*misdemeanors
minor crimes punishable by a county jail sentence or fine
-possession of tobacco by minors is outlawed
-most traffic violations-fine is a form of punishment
* victimless crimes
crimes whose victims are the criminals themselves
- prostitution, gambling, and illegal drug possession
the criminal
-failing to accept social values
- mores
-lawbreakers are typically young, poor, and members of racial/ethnic minority groups;many having acute emotional and social problems
-age
-lack the sense of responsibility that usually goes with a job/family
-fbi index crimes
-TX juvenile facilities not only fail to correct but also serve as breeding grounds for adult crime
-gender
- far more men than women are arrested; 2012 90% were men arrested for murder, 86 for robbery, and 78 for aggravated assault
-ethnicity
- African Am. 44% robbery, 32 murder, 26 rape.
- Latinos 40% murder, 40 rape, 33 robbery
-income & education
- poverty experienced by disproptionately by ethnic minorities
- poor education
-urban life
- crime more likely in large metropolitan areas
- a majority of inmates in Tx prisons are from San Antonio, Dallas, and Houston areas
-drug addiction
- at least 1/3 of all crimes are committed under the influence
-white-collar crime
-often punished less severely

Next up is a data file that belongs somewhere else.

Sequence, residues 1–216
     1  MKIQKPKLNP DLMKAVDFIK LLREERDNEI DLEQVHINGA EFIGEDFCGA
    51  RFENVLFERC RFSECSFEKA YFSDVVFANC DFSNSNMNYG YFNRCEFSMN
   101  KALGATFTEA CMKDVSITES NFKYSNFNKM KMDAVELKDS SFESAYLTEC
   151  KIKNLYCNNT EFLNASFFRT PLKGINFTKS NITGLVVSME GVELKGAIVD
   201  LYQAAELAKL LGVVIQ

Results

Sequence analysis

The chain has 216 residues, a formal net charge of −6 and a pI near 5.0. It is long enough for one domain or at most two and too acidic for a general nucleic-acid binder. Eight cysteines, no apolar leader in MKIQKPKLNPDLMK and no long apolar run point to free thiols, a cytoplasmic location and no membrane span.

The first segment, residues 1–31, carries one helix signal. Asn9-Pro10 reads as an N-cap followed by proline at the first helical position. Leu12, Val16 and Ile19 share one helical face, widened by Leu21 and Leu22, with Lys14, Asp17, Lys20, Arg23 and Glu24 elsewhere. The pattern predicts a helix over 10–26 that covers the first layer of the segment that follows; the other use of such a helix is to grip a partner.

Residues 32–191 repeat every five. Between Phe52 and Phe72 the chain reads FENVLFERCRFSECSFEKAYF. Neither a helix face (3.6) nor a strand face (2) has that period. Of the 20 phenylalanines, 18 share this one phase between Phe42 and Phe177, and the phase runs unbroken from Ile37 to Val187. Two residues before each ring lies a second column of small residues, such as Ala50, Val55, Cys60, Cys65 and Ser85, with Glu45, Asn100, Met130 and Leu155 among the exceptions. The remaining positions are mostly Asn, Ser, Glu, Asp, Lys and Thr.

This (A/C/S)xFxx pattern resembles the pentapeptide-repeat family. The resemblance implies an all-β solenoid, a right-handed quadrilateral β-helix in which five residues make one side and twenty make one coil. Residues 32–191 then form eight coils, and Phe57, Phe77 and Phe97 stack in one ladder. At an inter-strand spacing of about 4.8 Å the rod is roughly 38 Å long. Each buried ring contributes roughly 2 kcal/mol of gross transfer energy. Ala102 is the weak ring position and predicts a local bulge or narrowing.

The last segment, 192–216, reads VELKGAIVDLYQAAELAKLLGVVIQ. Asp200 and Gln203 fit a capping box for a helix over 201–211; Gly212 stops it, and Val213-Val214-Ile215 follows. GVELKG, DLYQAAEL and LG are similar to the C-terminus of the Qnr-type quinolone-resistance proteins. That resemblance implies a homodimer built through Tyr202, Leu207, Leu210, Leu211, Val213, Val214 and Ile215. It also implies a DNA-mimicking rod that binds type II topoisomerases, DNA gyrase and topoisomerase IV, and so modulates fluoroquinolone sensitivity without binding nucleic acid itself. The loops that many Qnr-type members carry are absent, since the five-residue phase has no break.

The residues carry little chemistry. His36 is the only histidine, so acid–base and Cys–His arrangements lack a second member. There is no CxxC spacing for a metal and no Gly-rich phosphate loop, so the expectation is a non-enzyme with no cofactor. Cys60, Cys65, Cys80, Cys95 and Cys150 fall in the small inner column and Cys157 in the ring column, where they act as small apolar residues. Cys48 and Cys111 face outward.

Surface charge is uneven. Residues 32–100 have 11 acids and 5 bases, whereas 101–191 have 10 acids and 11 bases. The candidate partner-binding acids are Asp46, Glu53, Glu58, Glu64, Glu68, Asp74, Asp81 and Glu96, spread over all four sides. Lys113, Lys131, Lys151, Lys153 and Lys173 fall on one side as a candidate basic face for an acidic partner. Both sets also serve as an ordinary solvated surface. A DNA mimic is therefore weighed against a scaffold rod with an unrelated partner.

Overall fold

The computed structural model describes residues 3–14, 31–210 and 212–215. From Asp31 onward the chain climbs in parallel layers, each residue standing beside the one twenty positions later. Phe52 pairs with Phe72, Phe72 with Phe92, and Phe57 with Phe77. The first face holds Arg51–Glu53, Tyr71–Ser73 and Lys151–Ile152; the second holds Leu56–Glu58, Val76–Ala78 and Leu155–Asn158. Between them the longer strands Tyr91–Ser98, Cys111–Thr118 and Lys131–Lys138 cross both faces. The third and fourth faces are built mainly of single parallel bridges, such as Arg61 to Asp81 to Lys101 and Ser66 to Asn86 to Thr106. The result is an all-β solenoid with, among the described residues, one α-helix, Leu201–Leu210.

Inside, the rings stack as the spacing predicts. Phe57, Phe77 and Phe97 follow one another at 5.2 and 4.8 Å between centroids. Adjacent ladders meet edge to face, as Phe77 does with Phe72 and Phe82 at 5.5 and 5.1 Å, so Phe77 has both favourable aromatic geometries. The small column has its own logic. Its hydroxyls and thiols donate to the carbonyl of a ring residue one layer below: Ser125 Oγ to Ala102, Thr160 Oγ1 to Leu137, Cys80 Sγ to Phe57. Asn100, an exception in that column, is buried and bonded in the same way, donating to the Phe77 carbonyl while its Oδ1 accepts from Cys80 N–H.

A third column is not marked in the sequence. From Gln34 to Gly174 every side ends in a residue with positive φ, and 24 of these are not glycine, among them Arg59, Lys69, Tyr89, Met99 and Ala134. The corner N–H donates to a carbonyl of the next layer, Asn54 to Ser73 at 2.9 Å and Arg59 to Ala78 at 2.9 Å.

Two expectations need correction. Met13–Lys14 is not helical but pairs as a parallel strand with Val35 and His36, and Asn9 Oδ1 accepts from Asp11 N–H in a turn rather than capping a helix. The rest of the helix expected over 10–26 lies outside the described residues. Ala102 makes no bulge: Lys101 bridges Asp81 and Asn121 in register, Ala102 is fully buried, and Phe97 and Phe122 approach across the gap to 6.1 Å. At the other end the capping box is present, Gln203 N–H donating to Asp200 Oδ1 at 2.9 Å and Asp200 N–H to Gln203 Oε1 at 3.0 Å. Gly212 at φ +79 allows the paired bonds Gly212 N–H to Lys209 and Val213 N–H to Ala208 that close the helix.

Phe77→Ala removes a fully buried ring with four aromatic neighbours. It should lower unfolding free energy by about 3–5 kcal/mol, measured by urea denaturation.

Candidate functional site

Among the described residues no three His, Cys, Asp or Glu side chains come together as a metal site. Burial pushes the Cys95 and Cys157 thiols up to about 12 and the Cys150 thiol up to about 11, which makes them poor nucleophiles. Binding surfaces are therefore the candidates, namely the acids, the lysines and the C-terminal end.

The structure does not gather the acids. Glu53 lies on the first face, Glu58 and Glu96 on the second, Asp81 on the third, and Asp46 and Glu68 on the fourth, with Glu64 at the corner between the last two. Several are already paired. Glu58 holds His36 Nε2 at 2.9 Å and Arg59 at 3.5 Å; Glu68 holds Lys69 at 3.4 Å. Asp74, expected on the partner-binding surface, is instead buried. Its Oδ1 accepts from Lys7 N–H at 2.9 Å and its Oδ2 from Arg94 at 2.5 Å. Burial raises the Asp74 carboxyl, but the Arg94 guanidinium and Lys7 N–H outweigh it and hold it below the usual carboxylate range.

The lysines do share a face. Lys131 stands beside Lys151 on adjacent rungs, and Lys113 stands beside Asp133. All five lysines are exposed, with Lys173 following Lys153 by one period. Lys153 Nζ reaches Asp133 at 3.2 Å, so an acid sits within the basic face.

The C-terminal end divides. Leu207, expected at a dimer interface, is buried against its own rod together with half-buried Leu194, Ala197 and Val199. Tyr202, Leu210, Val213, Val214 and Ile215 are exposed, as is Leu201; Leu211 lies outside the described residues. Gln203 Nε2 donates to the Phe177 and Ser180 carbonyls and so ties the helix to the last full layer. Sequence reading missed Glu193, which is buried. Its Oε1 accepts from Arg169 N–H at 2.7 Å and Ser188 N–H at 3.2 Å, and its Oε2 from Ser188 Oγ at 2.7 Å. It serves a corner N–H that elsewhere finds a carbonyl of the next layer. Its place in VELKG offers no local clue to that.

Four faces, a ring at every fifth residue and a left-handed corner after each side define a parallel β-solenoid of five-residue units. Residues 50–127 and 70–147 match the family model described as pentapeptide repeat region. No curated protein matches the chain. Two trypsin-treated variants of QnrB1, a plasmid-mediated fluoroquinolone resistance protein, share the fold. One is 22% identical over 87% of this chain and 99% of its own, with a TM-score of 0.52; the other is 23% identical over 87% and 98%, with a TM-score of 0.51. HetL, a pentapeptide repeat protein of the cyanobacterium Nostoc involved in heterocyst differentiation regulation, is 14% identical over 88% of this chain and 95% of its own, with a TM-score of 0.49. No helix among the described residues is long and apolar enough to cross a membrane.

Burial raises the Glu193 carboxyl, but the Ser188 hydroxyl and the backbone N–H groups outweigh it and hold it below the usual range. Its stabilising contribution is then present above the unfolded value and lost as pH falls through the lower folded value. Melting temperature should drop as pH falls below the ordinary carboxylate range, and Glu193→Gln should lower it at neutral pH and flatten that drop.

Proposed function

* mores
society's strong beliefs about right or wrong
*FBI index crimes
crimes used as a national barometer of the crime rate- murder and non-negligent manslaughter, forcible rape, robbery, aggravated assault, burglary, grand theft, and motor vehicle theft
*white-collar crime
crimes such as bribery, tax fraud, business fraud, price-fixing, and embezzlement, which are usually committed by more prosperous people
ex: Bernie Madoff, R. Allen Sandford,
the victim
highest rates of victimization occur in poor sections of cities
-often in neighborhoods against friends and families of the criminal
victims have rights to be informed of investigations and court proceeding
-Tx Crime Victims' Compensation Fund is administered by the attorney general and financed by small fees collected from criminals when they are convicted
* due process
proper procedures designed to promote justice and protect the individual from the government. Due process is essential to guaranteeing fairness before the government may deprive a person of life, liberty, or property
searches
14th amendment prohibit "unreasonable" searches
-probable cause
-exclusionary rule
*probable cause
sufficient information to lead a "reasonable person" to believe that evidence is probably contained on the premises and thus a warrant for the invasion of privacy is justified
*exclusionary rule
evidence acquired in violation of the 14th Amendment may not be admitted in federal courts
- the case that established this was the US Supreme Court case in 1914, Weeks v. United States
-in 1961 case of Mapp v. Ohio, the US Supreme Court held the exclusionary rule also to be essential to the "due process of law" that the 14th amendment requires states to respect
-US v. Leon; under the "good faith" rule, US supreme court evidence may be admitted when law enforcement agents acted on a search warrant they believed valid even if it wasnt
-Nix v. Williams; improperly obtained evidence may also be admitted under the "inevitable discovery" rules of agents otherwise would have discovered the evidence during their routine legal investigation
Detention
the right to remain silent
- Miranda v. Arizona
* arraignment